Accordingly it is an object of this invention to provide a heat exchanger distributor for a multicomponent heat exchange fluid which prevents flow reversal and liquid logging thereby ensuring substantially homogeneous flow of vapor and liquid phases of the heat exchange fluid even when the local fluid velocity and the vapor mass fraction of the heat exchange fluid are relatively small.

SUMMARY OF THE INVENTION

The above and other objects, which will become apparent to those skilled in the art upon a reading of this disclosure, are attained by the present invention which is:

A heat exchanger distributor for multicomponent heat exchange fluid comprising:

(A) a main volume comprising a hardway fin section and a main fin section;

(B) means for providing multicomponent heat exchange fluid to the main volume, and means for withdrawing multicomponent heat exchange fluid from the main volume; and

(C) a plurality of spaced dividers longitudinally oriented within the main volume, each of said dividers traversing substantially the entire hardway fin section.

As used herein the term “hardway fin” means a structure wherein the fins or corrugations are oriented perpendicular to the fluid flow thereby providing maximum resistance to the fluid flow.

BRIEF DESCRIPTION OF THE DRAWINGS

FIG. 1 is a cross sectional representation of one preferred embodiment of the invention.

FIG. 2 is a representation of one particularly preferred embodiment of a hardway/slotted bar distributor design for use in the practice of the invention.

DETAILED DESCRIPTION

In general, the invention enables stable homogeneous flow of heat exchange fluid, even when the vapor mass fraction and the total mass velocity of the heat exchange fluid is low, by preventing lateral movement of vapor bubbles.

The invention will be discussed in detail with reference to the Drawings. Referring now to FIG. 1, heat exchanger distributor 1 comprises a main volume having a hardway fin section 2 which comprises hardway fins, and a main fin section 3 which comprises main fins such as serrated or perforated fins. Hardway fin section 2 may comprise one or two or more subsections of different hardway fine, and main fin section 3 may comprise one or two or more subsections of different main fins. The main fin section, having fins which are oriented in line with the fluid flow, may comprise from 66 to 99 percent of the main volume. Vapor is provided to distributor 1, as shown by flow arrow 4, through vapor inlet 5, and liquid is provided to distributor 1, as shown by flow arrow 6, through liquid inlet 7 to distributor bar 10. Homogeneous mixed phase heat exchange fluid is withdrawn from distributor 1, as shown by flow arrow 8, through outlet 9. Preferably, as shown in FIG. 1, distributor 1 is vertically oriented such that the heat exchange fluid flows upwardly through the main volume.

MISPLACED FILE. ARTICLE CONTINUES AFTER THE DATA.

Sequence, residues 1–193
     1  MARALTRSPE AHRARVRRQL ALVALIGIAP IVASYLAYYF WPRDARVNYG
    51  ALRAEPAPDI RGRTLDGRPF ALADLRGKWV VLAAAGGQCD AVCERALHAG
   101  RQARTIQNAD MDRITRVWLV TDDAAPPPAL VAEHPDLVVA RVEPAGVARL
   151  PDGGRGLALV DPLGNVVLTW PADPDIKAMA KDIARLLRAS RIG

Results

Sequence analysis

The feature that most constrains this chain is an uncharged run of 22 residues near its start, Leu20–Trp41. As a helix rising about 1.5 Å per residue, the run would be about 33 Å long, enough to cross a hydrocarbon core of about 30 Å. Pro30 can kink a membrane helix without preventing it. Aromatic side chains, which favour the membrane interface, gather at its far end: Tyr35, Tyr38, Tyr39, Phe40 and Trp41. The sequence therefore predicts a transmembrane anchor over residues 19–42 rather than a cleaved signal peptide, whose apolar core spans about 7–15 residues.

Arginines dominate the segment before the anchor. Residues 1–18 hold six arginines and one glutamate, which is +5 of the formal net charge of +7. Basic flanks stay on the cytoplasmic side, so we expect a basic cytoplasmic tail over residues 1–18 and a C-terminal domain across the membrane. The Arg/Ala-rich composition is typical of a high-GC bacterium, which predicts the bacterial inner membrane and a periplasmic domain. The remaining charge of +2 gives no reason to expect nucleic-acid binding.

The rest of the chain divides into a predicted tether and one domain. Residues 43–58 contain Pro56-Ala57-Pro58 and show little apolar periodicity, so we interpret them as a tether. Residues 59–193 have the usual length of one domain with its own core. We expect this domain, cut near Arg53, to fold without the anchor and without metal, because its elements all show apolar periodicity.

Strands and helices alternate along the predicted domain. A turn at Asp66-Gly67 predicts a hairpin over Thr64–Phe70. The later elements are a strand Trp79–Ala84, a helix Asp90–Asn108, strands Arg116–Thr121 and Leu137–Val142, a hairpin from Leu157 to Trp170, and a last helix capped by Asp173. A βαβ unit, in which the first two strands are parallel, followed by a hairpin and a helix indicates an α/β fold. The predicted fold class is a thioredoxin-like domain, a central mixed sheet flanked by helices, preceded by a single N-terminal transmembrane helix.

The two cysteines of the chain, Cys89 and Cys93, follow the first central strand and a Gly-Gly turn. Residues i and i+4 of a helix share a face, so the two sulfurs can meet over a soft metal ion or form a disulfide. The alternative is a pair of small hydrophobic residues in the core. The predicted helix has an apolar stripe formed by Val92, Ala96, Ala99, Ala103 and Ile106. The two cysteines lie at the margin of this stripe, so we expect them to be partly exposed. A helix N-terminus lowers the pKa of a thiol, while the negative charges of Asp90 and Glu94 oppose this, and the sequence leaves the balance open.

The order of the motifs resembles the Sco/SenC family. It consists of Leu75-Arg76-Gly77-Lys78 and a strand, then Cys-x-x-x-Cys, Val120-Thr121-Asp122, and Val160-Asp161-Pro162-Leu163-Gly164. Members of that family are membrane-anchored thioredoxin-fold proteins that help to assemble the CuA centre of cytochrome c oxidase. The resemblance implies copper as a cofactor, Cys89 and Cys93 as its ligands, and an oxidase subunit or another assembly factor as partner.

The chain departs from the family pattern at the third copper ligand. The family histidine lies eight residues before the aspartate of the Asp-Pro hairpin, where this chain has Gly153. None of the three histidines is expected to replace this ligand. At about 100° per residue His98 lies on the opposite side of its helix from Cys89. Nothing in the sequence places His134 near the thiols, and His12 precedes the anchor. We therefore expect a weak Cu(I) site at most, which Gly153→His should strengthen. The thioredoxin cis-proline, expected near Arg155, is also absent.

A plurality of spaced dividers 11 are longitudinally oriented within the main volume. Each of these dividers traverses substantially the entire length of the hardway fin section. In the embodiment of the invention illustrated in FIG. 1 each of the spaced dividers additionally traverses at least a portion of the main fin section. The dividers may extend the entire length of the main volume. The dividers are placed with a gap preferably not larger than 0.0625 inch from the distributor bar and are placed at least 3 inches apart. The width of the dividers is preferably about 0.125 inch. Preferably the entire assembly is brazed in a furnace.

The operation of the invention with respect to the embodiment illustrated in the Figures will now be described.

Prior to entering distributor 1 the two phase multicomponent fluid is separated into a vapor phase and a liquid phase. The liquid phase is fed to the inlet header tank 7 wherein it is divided evenly between the layers of the heat exchanger. On entering a single layer the liquid phase flows into the liquid side of distributor bar 10. The liquid side of the distributor bar 10 is sealed against the vapor side from below, so it is impossible for liquid to drain into the vapor header tank via this route. Liquid is distributed within each layer by means of openings in the top of the liquid side of the distributor bar. Dividers 11 define a number of heat transfer subsections in the main volume in which the liquid flow is evenly distributed and mixed with the vapor phase to form a homogeneous two phase mixture.